Recently Vincotto has been gaining popularity among the culinary world. Unlike vinegar, Vincotto is, as the name indicates, cooked wine. It’s also used as a final flavoring to mostly sweet dishes but it can go well with pork and other white meat.
In the Italian pantry you would also find preserved food, in cans or jars. Tuna (Tonno) in olive oil is great in a salad with cannellini beans and scallions, or even in a pasta sauce with fresh tomatoes and Capers.
Anchovies (Acciughe) in oil are a delicacy when eaten over crostini lathered with unsalted butter, or used to give a little kick to any sauce, a chef’s secret to many dishes.
Finally baby Clams can be used to make spaghetti or linguine, with or without tomatoes.
Cornmeal flour is used to make polenta. You can also get a pre-cooked polenta that comes in plastic rolls. It’s delicious when sliced and sauteed or grilled with cheese and other toppings.
Polenta was introduced in Italy in the 16th Century, brought in from the Americas. It has been since a staple of every well-stocked Italian pantry, mostly in the Northern regions of Italy.
When you need to make a Risotto, a generic rice won’t quite make it. My choices are the Arborio or Carnaroli varietals. They’re both short-grain and release a fair amount of starch and creaminess. Another kind of risotto from Italy but more difficult to find is called Vialone. Your Italian pantry should always be stocked with risotto.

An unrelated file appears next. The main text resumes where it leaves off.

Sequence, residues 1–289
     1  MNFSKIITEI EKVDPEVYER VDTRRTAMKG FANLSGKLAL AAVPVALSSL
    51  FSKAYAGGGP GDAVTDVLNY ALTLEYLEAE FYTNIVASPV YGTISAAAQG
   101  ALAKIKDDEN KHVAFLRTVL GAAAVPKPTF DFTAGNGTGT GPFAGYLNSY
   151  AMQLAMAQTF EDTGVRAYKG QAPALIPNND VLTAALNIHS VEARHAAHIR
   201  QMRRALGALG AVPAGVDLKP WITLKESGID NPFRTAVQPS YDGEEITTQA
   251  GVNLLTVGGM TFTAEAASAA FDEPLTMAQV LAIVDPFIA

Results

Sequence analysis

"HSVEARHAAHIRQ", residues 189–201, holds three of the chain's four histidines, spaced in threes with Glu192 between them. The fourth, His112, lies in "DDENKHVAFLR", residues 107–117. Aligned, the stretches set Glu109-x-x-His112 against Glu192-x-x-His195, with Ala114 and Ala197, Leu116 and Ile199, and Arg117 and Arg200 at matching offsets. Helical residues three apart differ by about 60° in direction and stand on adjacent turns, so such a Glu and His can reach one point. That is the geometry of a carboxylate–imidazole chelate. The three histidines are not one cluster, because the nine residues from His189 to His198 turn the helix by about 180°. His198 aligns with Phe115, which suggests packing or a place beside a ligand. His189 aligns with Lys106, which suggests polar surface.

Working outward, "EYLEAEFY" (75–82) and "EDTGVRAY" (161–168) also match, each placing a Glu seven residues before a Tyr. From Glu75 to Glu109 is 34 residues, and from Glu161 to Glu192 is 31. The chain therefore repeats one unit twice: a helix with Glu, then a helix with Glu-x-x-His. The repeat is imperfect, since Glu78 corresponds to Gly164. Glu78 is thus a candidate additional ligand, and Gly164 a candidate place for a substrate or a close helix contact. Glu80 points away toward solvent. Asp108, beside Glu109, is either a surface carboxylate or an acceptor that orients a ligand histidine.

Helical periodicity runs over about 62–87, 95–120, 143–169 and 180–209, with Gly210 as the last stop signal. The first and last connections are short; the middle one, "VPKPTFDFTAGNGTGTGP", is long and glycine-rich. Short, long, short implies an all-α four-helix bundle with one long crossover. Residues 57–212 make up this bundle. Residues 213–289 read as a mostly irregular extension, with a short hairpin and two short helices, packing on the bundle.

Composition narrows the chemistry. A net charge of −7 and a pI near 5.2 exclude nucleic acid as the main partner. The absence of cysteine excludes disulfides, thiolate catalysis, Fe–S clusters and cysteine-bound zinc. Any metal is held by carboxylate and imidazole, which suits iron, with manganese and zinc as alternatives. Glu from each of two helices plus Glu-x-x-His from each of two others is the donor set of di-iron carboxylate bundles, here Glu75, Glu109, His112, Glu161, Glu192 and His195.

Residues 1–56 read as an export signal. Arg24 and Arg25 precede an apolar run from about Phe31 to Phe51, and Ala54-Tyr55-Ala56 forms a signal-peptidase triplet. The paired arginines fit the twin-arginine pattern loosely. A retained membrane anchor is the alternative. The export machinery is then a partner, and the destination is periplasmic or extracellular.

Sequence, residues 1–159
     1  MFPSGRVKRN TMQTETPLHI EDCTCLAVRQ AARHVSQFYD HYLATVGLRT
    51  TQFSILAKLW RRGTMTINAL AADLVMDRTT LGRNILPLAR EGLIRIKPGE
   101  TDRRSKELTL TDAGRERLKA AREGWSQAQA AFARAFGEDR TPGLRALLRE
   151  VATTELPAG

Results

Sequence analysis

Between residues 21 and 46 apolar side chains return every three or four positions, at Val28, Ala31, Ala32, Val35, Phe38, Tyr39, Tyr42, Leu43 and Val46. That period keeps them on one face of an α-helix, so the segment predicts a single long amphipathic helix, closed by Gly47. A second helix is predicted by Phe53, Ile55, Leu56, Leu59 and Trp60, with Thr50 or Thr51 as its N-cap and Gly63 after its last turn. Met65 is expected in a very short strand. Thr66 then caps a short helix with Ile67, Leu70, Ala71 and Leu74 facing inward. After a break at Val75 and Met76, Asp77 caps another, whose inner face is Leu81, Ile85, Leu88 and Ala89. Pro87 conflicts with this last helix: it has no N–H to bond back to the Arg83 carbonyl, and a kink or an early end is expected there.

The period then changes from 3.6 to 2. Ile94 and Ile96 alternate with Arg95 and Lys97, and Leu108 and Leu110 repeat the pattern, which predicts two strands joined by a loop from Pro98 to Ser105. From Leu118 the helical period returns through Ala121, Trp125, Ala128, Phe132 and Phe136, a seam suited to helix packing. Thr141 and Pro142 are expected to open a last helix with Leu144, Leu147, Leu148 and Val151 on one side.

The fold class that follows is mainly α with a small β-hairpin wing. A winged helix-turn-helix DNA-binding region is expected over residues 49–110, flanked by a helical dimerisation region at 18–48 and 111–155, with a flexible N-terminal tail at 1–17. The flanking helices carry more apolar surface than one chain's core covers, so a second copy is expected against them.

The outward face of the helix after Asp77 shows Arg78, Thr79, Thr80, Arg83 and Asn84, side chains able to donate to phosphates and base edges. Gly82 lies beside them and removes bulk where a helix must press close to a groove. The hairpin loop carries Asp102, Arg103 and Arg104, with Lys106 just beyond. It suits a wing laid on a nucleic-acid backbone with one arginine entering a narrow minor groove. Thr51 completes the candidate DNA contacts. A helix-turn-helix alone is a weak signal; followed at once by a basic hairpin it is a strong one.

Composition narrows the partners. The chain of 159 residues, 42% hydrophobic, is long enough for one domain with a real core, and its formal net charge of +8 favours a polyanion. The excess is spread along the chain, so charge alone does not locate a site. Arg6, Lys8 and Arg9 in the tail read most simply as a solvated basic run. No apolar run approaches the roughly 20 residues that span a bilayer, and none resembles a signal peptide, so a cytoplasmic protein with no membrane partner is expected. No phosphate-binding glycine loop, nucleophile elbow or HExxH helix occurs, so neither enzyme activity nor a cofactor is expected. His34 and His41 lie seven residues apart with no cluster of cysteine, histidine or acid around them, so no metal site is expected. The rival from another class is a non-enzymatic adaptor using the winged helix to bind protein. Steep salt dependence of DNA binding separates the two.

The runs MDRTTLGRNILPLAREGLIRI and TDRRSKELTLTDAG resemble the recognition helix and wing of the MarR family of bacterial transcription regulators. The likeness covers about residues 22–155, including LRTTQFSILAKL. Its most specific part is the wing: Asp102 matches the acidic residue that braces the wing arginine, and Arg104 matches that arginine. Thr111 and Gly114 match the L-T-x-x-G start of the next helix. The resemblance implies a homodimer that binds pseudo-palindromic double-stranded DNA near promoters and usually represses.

Some cheeses do not require refrigeration, however it’s up to you. I normally keep cheeses in the refrigerator and I take them out earlier to be enjoyed at room temperature as an appetizer with a Prosecco, after a dinner with fruit, or any other occasion.
Here’s a list of some common cheeses used in Italy: Parmigiano Reggiano, Grana Padano, Pecorino Romano, Mozzarella, Ricotta, Mascarpone, Pecorino Toscano and whatever you can afford from the Italian cheese counter.
There are so many choices, I suggest that you try a few small samples first. I usually buy local fresh mozzarella, ricotta and mascarpone, but Parmigiano Reggiano or others must be from Italy.
Coffee is another staple of the Italian pantry that very few people in Italy won’t have it on their kitchen shelves. Often when someone’s visiting, you would offer them a caffè, made with ground espresso beans in a stove-top moka. Younger Italians have succumbed to the fast espresso machines using pods and capsules, nonetheless making a perfect caffè every time.
Prosciutto is nice to have and served with melon or figs or in a sandwich, Pancetta or Guanciale are used to make many Italian recipes including the famous amatriciana sauce.
You can certainly have some Italian sausages and Salami of different kind to serve as appetizers, to add to other Italian meat recipes and for a quick meal or sandwich.
Capers (Capperi) are fantastic in a seafood-based pasta sauce or whenever you want to add a little salty kick to a dish, but you might want to taste them first and eventually rinse them a bit.
Breadcrumbs (Pan grattato) are normally used to coat meat and vegetables when frying or sauteing and also when creating meatballs, meatloaf, or other stuffings. They’re often combined with other herbs and spices but you can make your own using dry Italian bread and adding your own flavorings such as dry oregano, thyme, and rosemary.
Wine (Vino) is another important Italian pantry essential as it’s used extensively in many sauces and main dishes. You should keep both red and white as well as a bottle of dry Marsala wine.
Time to shop…